Brussels arrest
Belgium: 'Man in hat' Mohamed Abrini, Osama K charged with terrorist murders for Brussels attacks Picture: Police officers detain a suspect during a raid in which fugitive Mohamed Abrini was arrested in Anderlecht, near Brussels, Belgium, April 8, 2016 in this still image taken from video.Reuters

Two terror suspects linked to the November 2015 Paris attacks and the March 22 Brussels attacks were arrested in Belgium Friday. They were also suspected to have accompanied the Brussels suicide bombers. Both the attacks, claimed by the Islamic State group, left over 160 people dead.

Mohamed Abrini, suspected to be the "man in the hat" seen on CCTV footage at Brussels' Zaventem airport, was arrested near the Molenbeek neighbourhood in the Belgian capital, according to Reuters. His fingerprints and DNA had been found in a flat, which was used by the Brussels bombers to assemble the explosives used in the attacks. He was also seen along with another Paris attacks suspect and would-be suicide bomber Salah Abdeslam last year.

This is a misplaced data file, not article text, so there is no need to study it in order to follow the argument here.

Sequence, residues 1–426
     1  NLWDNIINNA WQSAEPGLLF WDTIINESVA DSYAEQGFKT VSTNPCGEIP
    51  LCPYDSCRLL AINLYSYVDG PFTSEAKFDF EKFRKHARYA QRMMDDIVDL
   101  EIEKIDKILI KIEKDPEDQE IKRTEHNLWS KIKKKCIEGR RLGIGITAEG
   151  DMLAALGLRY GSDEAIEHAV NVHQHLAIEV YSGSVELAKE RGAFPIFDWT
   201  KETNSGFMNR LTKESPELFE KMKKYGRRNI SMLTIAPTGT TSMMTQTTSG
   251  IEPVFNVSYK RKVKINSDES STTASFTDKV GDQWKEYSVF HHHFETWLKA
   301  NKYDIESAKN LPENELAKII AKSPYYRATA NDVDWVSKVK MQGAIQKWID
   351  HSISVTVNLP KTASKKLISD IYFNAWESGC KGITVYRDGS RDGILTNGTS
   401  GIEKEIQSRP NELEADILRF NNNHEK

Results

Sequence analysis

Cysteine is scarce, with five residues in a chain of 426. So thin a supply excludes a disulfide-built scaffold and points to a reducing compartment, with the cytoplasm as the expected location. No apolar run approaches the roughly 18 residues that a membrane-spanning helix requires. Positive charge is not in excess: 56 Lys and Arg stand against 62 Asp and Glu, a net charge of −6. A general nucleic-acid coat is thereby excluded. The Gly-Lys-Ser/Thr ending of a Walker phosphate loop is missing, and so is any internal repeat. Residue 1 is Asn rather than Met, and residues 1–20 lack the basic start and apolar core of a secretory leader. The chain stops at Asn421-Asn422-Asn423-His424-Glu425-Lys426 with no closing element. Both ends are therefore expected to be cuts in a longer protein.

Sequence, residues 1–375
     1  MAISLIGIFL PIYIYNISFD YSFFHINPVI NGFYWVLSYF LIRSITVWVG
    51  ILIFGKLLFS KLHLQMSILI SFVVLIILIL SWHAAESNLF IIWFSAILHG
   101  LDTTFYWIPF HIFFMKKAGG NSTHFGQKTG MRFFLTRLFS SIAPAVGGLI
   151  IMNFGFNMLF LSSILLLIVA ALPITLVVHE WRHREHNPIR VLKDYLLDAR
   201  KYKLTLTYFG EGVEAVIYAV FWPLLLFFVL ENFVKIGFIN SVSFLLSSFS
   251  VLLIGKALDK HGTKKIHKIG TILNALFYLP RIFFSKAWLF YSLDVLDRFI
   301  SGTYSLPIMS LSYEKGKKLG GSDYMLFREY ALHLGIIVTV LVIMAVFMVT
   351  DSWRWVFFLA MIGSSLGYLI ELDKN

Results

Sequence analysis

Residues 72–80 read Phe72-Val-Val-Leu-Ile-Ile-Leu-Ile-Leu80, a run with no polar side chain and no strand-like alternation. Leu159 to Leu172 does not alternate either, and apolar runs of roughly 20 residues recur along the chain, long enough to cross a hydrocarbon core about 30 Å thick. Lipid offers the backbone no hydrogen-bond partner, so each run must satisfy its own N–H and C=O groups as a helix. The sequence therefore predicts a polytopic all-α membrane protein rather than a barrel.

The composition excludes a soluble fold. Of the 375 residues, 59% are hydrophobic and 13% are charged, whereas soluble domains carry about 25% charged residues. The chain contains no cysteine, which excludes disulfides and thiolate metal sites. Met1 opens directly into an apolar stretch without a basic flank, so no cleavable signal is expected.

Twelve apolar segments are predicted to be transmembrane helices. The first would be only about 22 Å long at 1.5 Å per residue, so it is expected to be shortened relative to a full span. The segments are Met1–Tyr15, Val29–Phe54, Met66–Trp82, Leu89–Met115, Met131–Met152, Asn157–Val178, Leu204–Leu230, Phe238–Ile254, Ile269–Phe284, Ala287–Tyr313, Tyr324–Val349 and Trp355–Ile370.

Another terror suspect Osama K, who was suspected to have accompanied Maelbeek metro station bomber Khalid El Bakraoui and was caught on CCTV camera, was also arrested. He had also reportedly been caught last year using a fake Syrian passport, while travelling in a car rented by Abdeslam. 

Two other people were also arrested in the raids. Abdeslam had been arrested in a raid in Brussels last month, days before terrorists struck the European capital.  

The arrests come amid severe criticism against Belgian authorities for lapses that led to the Brussels attacks. Belgium is said to have ignored a warning from Turkey about the Zaventem airport bomber Ibrahim El Bakraoui.

Belgian Interior Minister Jan Jambon took to Twitter Friday to hail the security forces following the significant arrests. He had earlier offered to resign from his post after the Brussels attacks, in which over 30 people were killed. 

"Congratulations to all the police and security services. The fight against terrorism continues," the Belgian minister said. 

Belgian Prime Minister Charles Michel had earlier this week admitted that the Brussels attacks highlighted a security "failure," but said Belgium was not a "failed state."